Canada’s International Cannabis Corp. (OTC:KNHBF) was the world’s first company to receive a cannabis production license for adult consumer use, according to management. The company holds a leading market share in the emerging Uruguayan cannabis market and is pursuing an ambitious expansion strategy to position itself for early mover advantage in other Latin American and in European markets to benefit from the potential liberalization of cannabis regulation. The company has also received a bid from Aurora Cannabis Inc., a leading cannabis company based in Edmonton, Canada. The C$1.95 per share bid represents a roughly 34% premium to the volume-weighted average trading price of ICC Shares on the TSX-V for the 20 days ending August 22, 2018. Moreover, the two companies believe the transaction will establish the combined entity as the industry leader in South America.
In Uruguay, where it has already commenced operations, the company holds a license to produce and distribute medicinal and recreational cannabis and industrial hemp products. As CNN notes, “Uruguay, which legalized the drug nationally in 2013,” was “the first country to legalize recreational marijuana.”
At this point, Uruguay has only authorized two commercial producers: ICC and Simbiosis. Reflecting delays and problems that Simbiosis experienced, according to the Brookings Institution, “for several months, only ICC was supplying the entire commercial market.” The company believes that it enjoys a 70% market share in Uruguay. ICC, which recently launched its Bidiol brand of CBD products, sold 373 kilograms of recreational cannabis in Uruguay in the first six months of 2018, generating approximately $315,644 in revenue.
Forbes indicates that, CBD “is a compound found in cannabis that has gained prominence in recent years for its therapeutic properties. Cannabis advocates have hailed the cannabinoid for its promise in combating seizures, anxiety and myriad other ailments.” Grand View Research notes that, “products like marijuana oil have started gaining traction over the past few years owing to increased effectiveness and safety as compared to smoking.”
Citing The Hemp Business Journal, Forbes notes that the CBD market is estimated to reach $2.1 billion in consumer sales by 2020. By comparison, the total CBD market was $202 million in 2015, according to Forbes. Overall, the legal global marijuana market is expected to reach $146.4 billion by the end of 2025, according to a Grand View Research report, driven by regulatory liberalization in a growing number of markets and rising use of marijuana for medical applications, including treatment of cancer, mental disorders, multiple sclerosis and chronic pain, among others. The report notes that “the number of conditions treated using medical marijuana is growing rapidly, as new patients are added to the market, the demand for medical marijuana is expected to increase multiple folds.” In fact, Grand View Research reports that “medical marijuana emerged as the largest marijuana type segment in 2016 and is estimated to be valued at $100.03 billion by 2025.”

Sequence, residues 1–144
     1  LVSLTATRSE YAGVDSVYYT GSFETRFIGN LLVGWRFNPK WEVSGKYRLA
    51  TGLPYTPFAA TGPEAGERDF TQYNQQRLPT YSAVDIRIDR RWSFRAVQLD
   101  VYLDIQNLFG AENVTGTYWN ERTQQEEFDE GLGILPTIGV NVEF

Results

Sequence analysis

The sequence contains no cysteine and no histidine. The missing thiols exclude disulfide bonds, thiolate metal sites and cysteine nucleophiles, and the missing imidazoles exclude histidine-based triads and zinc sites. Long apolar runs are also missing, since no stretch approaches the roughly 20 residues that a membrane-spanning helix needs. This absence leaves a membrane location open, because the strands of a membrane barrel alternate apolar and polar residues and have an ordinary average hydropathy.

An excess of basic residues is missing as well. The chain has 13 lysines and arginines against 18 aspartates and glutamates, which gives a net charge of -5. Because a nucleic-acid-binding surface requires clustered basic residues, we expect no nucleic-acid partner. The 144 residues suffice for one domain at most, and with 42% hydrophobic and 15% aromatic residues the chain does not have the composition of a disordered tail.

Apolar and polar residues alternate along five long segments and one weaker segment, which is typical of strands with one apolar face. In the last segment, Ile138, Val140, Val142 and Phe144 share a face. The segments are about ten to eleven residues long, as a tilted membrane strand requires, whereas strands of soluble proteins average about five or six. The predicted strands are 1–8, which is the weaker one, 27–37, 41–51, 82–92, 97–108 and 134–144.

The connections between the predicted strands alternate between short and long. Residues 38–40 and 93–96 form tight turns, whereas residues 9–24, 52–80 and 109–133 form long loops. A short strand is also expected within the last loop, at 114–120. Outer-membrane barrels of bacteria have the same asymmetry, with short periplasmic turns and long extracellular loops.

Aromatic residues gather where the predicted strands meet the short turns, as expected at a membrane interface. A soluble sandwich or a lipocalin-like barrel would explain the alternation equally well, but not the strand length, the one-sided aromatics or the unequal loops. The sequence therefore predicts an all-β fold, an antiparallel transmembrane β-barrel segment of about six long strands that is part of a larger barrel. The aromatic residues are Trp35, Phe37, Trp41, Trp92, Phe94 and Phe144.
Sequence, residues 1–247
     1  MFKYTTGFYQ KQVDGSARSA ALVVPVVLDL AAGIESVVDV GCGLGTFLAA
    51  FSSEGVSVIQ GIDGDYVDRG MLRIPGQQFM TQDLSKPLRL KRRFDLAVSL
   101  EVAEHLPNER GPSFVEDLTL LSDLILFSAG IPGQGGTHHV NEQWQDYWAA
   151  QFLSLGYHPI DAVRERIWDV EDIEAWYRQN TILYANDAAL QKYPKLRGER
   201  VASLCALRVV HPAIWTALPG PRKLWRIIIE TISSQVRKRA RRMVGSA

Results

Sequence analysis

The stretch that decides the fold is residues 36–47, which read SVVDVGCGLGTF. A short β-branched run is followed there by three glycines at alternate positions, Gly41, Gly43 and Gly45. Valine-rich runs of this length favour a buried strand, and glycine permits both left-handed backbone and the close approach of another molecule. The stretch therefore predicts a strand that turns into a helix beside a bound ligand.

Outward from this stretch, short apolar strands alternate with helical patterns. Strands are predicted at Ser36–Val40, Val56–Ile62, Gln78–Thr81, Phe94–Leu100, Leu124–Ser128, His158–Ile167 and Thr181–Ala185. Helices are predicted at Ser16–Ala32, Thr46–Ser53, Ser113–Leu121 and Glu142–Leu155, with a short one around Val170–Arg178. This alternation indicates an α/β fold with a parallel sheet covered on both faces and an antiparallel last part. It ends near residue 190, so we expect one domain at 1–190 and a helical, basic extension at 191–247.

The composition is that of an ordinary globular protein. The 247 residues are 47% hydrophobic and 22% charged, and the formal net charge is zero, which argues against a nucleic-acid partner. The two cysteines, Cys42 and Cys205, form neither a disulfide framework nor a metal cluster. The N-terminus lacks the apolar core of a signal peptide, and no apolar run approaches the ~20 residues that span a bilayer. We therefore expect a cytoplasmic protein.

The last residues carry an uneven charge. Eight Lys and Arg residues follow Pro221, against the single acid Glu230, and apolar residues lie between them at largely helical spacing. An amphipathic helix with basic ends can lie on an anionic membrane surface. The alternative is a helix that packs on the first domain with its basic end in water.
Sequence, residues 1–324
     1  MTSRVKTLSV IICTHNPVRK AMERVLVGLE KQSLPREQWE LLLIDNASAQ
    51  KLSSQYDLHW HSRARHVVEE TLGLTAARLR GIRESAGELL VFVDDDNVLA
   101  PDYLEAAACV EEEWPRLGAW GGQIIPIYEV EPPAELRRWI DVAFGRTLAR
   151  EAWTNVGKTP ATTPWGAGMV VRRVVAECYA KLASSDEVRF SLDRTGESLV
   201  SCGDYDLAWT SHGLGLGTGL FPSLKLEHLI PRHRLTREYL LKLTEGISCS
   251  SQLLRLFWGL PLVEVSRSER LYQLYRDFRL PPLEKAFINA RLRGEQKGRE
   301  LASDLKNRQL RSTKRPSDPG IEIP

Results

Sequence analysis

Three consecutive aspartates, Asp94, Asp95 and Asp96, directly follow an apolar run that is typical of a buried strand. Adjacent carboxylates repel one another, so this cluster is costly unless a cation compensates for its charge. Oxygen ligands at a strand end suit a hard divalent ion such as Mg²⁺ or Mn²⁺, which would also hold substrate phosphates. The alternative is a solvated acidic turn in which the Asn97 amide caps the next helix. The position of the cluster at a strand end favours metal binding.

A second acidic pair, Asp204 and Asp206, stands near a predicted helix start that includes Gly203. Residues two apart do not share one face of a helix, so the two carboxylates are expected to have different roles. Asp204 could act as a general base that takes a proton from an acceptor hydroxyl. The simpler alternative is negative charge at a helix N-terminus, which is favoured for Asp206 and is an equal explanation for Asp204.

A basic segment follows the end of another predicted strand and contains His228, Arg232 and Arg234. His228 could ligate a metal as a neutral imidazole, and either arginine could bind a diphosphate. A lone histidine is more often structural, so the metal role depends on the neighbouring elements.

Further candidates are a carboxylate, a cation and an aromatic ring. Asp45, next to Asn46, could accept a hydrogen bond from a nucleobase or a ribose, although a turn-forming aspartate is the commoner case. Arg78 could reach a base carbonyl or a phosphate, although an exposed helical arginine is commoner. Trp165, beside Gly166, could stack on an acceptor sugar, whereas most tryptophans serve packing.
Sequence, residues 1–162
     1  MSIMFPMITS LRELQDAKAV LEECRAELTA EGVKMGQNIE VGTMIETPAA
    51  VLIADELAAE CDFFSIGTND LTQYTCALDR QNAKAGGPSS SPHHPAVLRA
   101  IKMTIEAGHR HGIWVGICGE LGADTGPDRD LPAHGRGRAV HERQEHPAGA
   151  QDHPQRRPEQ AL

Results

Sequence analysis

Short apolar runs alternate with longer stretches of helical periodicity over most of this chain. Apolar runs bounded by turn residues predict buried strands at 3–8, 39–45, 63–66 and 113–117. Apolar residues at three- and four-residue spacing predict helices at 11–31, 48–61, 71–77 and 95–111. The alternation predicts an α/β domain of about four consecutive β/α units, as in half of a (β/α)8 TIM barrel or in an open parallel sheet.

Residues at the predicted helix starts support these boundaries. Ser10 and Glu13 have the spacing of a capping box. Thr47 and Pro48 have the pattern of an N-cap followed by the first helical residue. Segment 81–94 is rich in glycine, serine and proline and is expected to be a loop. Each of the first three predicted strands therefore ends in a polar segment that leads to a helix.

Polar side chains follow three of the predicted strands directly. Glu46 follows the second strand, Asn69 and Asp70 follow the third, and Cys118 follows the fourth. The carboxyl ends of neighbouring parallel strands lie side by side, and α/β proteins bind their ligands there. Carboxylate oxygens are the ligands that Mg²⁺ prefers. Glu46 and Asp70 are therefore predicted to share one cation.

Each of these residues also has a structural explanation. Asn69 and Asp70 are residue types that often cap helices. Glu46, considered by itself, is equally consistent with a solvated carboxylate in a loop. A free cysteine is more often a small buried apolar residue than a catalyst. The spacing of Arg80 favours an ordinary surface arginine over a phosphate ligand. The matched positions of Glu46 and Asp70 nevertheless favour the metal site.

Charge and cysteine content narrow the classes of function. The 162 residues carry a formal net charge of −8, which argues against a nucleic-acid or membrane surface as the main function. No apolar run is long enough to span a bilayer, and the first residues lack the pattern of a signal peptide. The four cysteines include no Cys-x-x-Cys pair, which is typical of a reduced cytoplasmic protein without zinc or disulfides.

Reflecting the sizable global opportunity, ICC also aspires to benefit from first mover advantage in Europe and throughout South America. Forbes notes that, “countries in Latin American and Europe are increasingly adopting medical cannabis programs.” According to Grand View Research, “legal marijuana has started gaining traction worldwide due to very high demand among consumers and increasing legalization of recreational or medical marijuana in various countries.”
Poland and Greece Form an EU Hub
In addition to its Uruguay operations, the company also holds licenses for medicinal cannabis products in Colombia, Greece and Poland. In Poland, the company recently acquired Polannabis Holdings, giving it access to more than 850 acres of hemp crops. Through a license authorized by the Greek government, ICC also controls 16-acres dedicated to cannabis cultivation. These two markets will serve as the hub for ICC’s European hemp activities targeting the more than 512 million potential consumers in the EU. ICC engaged Sababa Sciences to supervise an expansion initiative within its operations in Poland.
Poland is the 6th largest market in the EU ranked by population, with nearly 38 million people, and Greece is the tenth largest, with almost 11 million. Overall, the EU has more than 512 million people. Polannabis is already generating revenue and ICC expects the transaction to help it to leverage its European distribution network. Specifically, ICC has an exclusive agreement with a European-based pharmaceutical distributor, Cosmos Holdings, to procure and distribute medical cannabis products and cannabis derivatives in approved countries within Cosmos’ distribution network of roughly 35,000 pharmacies across 16 countries. ICC has also entered into agreements for distribution in Germany and Spain.